PETER

Peter, Simon Peter, Saint Peter, St. Peter, Saint Peter the Apostle, St. Peter the Apostle

(noun) disciple of Jesus and leader of the Apostles; regarded by Catholics as the vicar of Christ on earth and first Pope

Source: WordNet® 3.1


Etymology

Proper noun

Peter (plural Peters)

A male given name from Ancient Greek.

The leading Apostle in the New Testament.

(biblical) The epistles of Peter in the New Testament of the Bible, 1 Peter and 2 Peter attributed to St. Peter.

Synonym: Pet. (abbreviation)

(rare compared to given name) A patronymic surname.

Anagrams

• Peret, Petre, Prete, peert, petre, repet.

Etymology 1

Noun

peter (plural peters)

(slang) The penis.

Etymology 2

Noun

peter (plural peters)

(UK, slang) A safe.

Etymology 3

Verb

peter (third-person singular simple present peters, present participle petering, simple past and past participle petered)

(most often used in the phrase peter out) To dwindle; to trail off; to diminish to nothing.

Usage notes

Originally used independently, but today most often in the derived phrase peter out.

Etymology 4

Verb

peter (third-person singular simple present peters, present participle petering, simple past and past participle petered)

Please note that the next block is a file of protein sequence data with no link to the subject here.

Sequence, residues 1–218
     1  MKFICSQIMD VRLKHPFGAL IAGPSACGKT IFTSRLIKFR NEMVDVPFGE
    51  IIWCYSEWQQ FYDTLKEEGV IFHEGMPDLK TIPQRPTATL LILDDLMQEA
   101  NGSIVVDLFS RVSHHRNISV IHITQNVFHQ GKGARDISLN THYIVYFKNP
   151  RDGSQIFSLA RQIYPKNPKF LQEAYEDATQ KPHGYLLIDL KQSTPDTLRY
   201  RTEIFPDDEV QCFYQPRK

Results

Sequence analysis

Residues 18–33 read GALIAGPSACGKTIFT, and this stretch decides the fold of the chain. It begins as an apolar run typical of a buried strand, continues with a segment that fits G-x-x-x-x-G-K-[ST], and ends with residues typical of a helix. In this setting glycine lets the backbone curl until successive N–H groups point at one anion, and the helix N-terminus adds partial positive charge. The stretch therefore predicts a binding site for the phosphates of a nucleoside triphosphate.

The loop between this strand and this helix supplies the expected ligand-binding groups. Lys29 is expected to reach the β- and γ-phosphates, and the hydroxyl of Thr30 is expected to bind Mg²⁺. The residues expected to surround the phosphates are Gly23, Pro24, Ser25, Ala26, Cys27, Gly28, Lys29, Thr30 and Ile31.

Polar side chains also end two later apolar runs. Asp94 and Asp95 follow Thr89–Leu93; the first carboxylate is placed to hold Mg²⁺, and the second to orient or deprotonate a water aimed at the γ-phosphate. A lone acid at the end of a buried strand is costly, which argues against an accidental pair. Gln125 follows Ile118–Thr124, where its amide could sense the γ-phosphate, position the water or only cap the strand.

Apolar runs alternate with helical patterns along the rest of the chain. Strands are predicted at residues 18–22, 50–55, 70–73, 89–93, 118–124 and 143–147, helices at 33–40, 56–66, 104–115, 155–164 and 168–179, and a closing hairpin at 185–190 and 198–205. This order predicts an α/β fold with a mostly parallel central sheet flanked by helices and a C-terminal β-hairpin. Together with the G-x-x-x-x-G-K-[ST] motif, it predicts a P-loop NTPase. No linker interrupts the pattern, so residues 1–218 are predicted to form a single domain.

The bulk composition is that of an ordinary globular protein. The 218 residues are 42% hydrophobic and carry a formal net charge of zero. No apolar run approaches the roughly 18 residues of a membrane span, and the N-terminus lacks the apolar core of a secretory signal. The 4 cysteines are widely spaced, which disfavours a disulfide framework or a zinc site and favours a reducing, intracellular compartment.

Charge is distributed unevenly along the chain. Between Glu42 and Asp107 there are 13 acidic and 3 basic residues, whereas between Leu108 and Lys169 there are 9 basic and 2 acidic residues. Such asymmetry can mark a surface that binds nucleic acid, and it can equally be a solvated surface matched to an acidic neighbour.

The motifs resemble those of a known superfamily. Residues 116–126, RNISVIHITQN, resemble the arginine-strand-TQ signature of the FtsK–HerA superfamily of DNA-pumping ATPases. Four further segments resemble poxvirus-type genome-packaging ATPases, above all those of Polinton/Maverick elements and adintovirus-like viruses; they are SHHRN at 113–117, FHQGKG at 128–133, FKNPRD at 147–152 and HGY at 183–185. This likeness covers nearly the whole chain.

(card games, intransitive) synonym of blue peter

Anagrams

• Peret, Petre, Prete, peert, petre, repet.

Source: Wiktionary


Pe"ter, n.

Definition: A common baptismal name for a man. The name of one of the apostles, Peter boat, a fishing boat, sharp at both ends, originally of the Baltic Sea, but now common in certain English rivers.

– Peter Funk, the auctioneer in a mock auction. [Cant, U.S.] -- Peter pence, or Peter's pence. (a) An annual tax or tribute, formerly paid by the English people to the pope, being a penny for every house, payable on Lammas or St.Peter's day; -- called also Rome scot, and hearth money. (b) In modern times, a voluntary contribution made by Roman Catholics to the private purse of the pope.

– Peter's fish (Zoöl.), a haddock; -- so called because the black spots, one on each side, behind the gills, are traditionally said to have been caused by the fingers of St. Peter, when he caught the fish to pay the tribute. The name is applied, also, to other fishes having similar spots.

Pet"er, v. i. [imp. & p. p. Petered; p. pr. & vb. n. Petering.] Etym: [Etymol. uncertain.]

Definition: To become exhausted; to run out; to fail; -- used generally with out; as, that mine has petered out. [Slang, U.S.]

Source: Webster’s Unabridged Dictionary 1913 Edition



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Word of the Day

5 February 2023

MATRIARCHIC

(adjective) (of societies or families) having a female as the family head or having descent traced through the female line


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